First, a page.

Figure 2 graphically describes data processing within the algorithm, and detailed algorithm notes including key python expressions are available in Additional file 1. Notes were read into the algorithm in text format, and portions of the note found during early development to be irrelevant were removed to prevent false positives. This was necessary as the “past medical history” section of notes often mentions falls preceding or unrelated to the current presentation. In addition, the “review of systems” portion of the note occasionally mentions falls amongst a long list of negated items difficult to parse based on lack of surrounding sentence structure. Once these sections were removed, the retained sections of the note were divided into sentences. Sentences were individually examined for the presence of a “fall” or “fell” term (with multiple tenses/forms using a regular expression). These fall instances were then checked against a list of exceptions, such as “fell asleep,” which were ignored. The algorithm also ignored instances when fall terms were part of a different word (e.g., “fellow”, “fallopian”). Exceptions were pre-specified in some cases, and added iteratively during development as necessary in response to specific cases in the development set. Fall mentions that involved a high degree of uncertainty (e.g., “may have fallen”, “uncertain if patient fell”), that were averted (e.g., “almost fell”), or referred to fall risks were excluded, while those using language indicating certainty for the purposes of medical decision making (e.g., “presumed fall”, “believed to have fallen”) were included.

Fig. 2
figure2

Algorithm Schematic

After exceptions were removed, each sentence containing one or more fall instances were examined for negation. Negation is critical in this domain, as physicians often specifically document that a patient did not fall, or that a patient fell but had other pertinent negative findings. The program negated any instance with a negative indicator preceding the fall term in the sentence; negation terms included “no”, “not”, “n’t”, “negative”, “never”, “didn’t”, “without”, “denies”, and “deny.” Based on results during algorithm development, negation terms mentioned after a fall term were ignored. These were much more likely to refer to events that did not occur during a fall, such as “Patient fell but did not lose consciousness” or “Fell but denies striking head”.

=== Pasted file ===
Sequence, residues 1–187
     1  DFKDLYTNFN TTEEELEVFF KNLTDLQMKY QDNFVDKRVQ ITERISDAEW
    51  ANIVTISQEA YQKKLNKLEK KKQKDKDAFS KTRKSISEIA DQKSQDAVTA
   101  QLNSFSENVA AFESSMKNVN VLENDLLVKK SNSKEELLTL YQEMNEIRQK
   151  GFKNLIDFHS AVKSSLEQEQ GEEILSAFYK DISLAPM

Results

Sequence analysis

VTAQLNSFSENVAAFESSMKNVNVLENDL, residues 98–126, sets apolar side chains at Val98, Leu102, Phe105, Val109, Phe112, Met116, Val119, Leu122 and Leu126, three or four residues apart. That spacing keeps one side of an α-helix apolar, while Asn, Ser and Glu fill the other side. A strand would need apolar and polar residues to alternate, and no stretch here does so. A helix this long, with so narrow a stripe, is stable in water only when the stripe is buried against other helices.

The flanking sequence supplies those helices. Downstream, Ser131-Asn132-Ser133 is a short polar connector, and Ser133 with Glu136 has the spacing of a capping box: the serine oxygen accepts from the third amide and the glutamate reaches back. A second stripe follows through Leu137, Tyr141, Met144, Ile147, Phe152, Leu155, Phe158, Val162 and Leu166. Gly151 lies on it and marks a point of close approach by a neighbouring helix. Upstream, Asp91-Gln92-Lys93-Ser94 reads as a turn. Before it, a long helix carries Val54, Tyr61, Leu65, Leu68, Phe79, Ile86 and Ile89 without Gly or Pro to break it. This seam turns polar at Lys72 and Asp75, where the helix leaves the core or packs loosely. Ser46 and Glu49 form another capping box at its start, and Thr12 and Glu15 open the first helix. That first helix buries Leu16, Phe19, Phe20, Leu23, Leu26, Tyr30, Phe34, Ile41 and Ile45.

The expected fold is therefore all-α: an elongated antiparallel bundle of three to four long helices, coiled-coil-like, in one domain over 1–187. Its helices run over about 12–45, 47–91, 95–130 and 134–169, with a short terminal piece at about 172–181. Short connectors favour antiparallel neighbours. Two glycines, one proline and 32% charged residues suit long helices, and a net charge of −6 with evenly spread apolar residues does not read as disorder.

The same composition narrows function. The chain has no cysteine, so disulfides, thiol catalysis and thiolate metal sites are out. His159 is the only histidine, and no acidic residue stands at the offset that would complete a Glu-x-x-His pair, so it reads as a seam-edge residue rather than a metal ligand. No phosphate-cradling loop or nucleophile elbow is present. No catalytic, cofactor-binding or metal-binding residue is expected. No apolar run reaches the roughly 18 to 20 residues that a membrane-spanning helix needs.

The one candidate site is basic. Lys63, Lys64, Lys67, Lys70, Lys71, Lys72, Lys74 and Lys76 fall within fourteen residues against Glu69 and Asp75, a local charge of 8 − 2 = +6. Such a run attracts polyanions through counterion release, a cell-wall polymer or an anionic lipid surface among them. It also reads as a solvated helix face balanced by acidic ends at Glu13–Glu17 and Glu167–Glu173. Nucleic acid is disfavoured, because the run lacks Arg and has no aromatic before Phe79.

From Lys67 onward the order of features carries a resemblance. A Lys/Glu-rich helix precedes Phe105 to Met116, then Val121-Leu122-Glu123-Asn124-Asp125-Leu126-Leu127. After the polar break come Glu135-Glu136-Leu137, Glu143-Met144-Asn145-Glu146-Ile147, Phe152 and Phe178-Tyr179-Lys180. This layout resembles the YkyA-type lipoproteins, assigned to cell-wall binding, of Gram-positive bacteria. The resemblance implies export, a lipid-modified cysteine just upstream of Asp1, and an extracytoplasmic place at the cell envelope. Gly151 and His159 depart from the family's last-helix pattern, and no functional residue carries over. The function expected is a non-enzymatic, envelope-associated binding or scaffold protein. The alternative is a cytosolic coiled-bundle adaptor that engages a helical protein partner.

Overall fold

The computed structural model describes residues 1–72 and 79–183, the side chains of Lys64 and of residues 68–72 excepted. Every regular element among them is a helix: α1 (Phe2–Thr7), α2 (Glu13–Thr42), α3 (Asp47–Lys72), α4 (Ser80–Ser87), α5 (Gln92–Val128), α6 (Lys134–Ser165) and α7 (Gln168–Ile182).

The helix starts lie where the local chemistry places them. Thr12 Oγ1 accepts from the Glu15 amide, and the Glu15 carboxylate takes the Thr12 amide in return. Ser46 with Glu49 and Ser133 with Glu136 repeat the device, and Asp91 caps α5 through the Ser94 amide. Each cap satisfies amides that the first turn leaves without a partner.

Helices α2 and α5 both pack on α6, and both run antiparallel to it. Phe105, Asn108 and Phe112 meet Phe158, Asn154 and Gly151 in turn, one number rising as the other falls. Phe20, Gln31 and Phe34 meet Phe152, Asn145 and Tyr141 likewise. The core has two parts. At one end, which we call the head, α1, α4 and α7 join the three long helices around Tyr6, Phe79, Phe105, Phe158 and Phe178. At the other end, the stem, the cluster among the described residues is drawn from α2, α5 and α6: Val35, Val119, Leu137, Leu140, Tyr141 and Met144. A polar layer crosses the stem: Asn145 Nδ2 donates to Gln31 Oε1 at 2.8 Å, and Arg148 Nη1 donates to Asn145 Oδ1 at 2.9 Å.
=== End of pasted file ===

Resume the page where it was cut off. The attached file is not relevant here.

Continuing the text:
Although the algorithm identified instances of falls in each sentence, the ultimate assessment of whether or not a fall occurred was measured at the level of the provider note (ED visit). As expected, many notes contained more than one sentence describing a fall, and/or multiple instances within a single sentence. This presented a challenge when some instances were negated and others were not. In a given note, if positive instances outnumbered negated instances, the note was coded as positive. If negated instances were equal to or outnumbered the positive instances, a note was coded as negated. When there were equal numbers of both positive and negated mentions, the note was coded as negated. This ‘tie-breaking’ decision was made based on sensitivity analysis in which we systematically examined the performance of different aggregation strategies on the development set. The tie-breaking rule that was chosen (negation-favoring) produced a more balanced distribution of false positives and false negatives, compared to positive-favoring tie-breaking strategies which generated many more false positives than false negatives (i.e., higher sensitivity at the expense of lower specificity).

Manual abstraction